• Voluntary benefits – many voluntary benefits such as Accident products can cover spouses and children. This is especially useful for children who are active in sports and recreation.

  • Option to work at home – even if it is just for one day a week or several hours a month, having the option to work from home for a new mother or father can be huge. It can relieve the stress of leaving their family or finding a sitter.  Thanks to the technology of this generation, many tasks can be done at home via phone, email, skype and the like.

These offerings can be provided by any sized Employer, in any industry, in any state and could potentially be that one differentiating benefit that draws and retains the employee talent you seek.

For more information on the Family Medical Leave Act, please go to the Department of Labor’s Website.

If you’d like to brainstorm on new employee benefits for your group such as the ones mentioned in this article, please reach out to us at Joni or Lachelle.

CNN Article Regarding new care benefits:

*2016 study by the National Survey of Children's Health


Laudra's Lessons - "America's Bitter Pill" Analysis Part 1


Laudra's Lessons - "America's Bitter Pill" Analysis Part 1

Written by: Laudra Eber

A few years ago I read a wonderful article on the healthcare crisis in Time Magazine.  I wasn’t the only one who thought it was educational and insightful as the article won the National Magazine Award for Public Interest.  So when Steven Brill expanded his narrative to include the antics leading up to the Patient Protection Act aka Affordable Care Act aka Obamacare, I had to buy “America’s Bitter Pill,” money, politics, backroom deals, and the fight to fix our broken healthcare system.

I haven’t finished it yet so am some distance from his solution but am well into the problems that the states, the hospitals, the insurance companies, the drug companies and the lobbyists caused to keep the ACA from becoming what it could have been had everyone had the same goal – a better, less expensive health plan for the American people.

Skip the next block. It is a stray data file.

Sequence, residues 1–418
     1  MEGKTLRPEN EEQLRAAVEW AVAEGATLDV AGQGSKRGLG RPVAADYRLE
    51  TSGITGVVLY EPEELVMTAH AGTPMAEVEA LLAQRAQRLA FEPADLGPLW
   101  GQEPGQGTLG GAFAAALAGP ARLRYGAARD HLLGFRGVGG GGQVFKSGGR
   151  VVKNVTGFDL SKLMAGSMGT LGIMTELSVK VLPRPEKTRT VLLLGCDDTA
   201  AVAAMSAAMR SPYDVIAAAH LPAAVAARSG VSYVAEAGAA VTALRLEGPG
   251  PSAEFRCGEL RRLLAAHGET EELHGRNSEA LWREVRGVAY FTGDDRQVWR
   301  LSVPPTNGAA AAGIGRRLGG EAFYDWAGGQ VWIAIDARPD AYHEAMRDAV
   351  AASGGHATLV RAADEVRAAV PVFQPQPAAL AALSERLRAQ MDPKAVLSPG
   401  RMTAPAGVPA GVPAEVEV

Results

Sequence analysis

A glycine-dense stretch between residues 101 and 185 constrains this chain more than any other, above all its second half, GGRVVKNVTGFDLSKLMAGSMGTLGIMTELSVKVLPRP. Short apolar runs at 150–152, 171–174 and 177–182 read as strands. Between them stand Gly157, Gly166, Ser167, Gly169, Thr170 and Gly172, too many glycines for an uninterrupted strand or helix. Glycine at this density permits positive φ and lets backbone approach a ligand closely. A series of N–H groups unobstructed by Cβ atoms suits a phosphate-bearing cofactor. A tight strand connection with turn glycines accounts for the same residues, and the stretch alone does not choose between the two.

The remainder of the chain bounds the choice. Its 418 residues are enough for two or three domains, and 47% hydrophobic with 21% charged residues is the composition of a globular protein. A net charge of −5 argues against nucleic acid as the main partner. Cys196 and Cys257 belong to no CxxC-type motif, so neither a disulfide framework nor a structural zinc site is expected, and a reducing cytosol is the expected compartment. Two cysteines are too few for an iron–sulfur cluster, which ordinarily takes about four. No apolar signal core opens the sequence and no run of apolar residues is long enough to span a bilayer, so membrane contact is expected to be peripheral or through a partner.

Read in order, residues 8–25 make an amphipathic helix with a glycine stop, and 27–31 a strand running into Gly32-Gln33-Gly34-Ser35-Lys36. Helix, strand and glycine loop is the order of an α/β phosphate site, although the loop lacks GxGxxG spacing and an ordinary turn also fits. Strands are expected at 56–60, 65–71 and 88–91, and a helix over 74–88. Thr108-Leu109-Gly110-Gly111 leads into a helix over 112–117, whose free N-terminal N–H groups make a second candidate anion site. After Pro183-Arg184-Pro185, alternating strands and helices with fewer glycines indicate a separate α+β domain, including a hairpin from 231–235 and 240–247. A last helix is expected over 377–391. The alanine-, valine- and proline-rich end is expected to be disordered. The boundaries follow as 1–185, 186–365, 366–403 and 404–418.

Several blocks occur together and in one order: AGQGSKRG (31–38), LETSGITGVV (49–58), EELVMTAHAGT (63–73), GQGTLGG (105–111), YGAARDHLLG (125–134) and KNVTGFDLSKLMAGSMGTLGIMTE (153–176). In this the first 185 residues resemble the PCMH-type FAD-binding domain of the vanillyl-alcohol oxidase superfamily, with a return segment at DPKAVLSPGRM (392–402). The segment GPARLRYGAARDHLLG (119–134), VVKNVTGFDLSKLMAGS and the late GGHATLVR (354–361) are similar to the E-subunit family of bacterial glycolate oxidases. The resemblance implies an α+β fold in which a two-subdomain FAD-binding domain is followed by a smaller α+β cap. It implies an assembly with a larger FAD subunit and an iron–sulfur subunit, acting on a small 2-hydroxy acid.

Brill talked to all of the mentioned group. The President of the United States answered written questions submitted to him about the high cost of treatment and the abuses in our system. In 2014 we spent three TRILLION dollars on healthcare, “that’s more than the next ten biggest spenders combined: Japan, Germany, France, China, the United Kingdom, Italy, Canada, Brazil, Spain, and Australia.”  And in many cases, particularly infant mortality, our outcomes are far worse.

Healthcare has turned out to be a windfall for hospital administrators (who earn way more than doctors), drug company executives, and salespeople of medical equipment.  Apple is considered a premier American company but Medtronic, maker of all sorts of medical devices has nearly double the gross profit.   Healthcare is the only industry where technical advancement has increased costs. 

Healthcare is America’s largest industry and it is profit dominated. If the cost of healthcare is cut, incomes have to be cut as well.  Right now healthcare executives are getting wealthier and care users/patients are getting poorer.  Sixty percent of the 1,000.000 bankruptcies in the US were the outcome of high medical bills.

Stay tuned for more information as this will be my topic for the next few newsletters, or you can buy the book by clicking HERE.


All Things Equal


All Things Equal

We are truly blessed to live in a state where ethnicities across the globe have come to settle, live, work and play on the sunny islands of Hawai’i.  The faces of the Aloha State span the ages too, with keiki to kupuna an important part of the fabric that weaves our community together.  I would hope to think that the idea of “Equal Opportunity” would be a non-issue in our very liberal and diversified state. But as all business goes, there are rules and regulations set in place to protect and advocate for equal opportunities for all classes. 

Here we briefly remind you Small Employers of your responsibilities when it pertains to regulations set by the United States EEOC – Equal Employment Opportunity Commission:

If you have at least one employee: You are covered by the law that requires employers to provide equal pay for equal work to male and female employees.

If you have 15 to 19 employees: You are covered by the laws that prohibit discrimination based on racecolorreligionsex (including pregnancy, sexual orientation, or gender identity), national origindisability and genetic information (including family medical history). You are also covered by the law that requires employers to provide equal pay for equal work.

If you have 20 or more employees: You are covered by the laws that prohibit discrimination based on race, color, religion, sex (including pregnancy), national origin, age (40 or older), disability and genetic information (including family medical history). You are also covered by the law that requires employers to provide equal pay for equal work.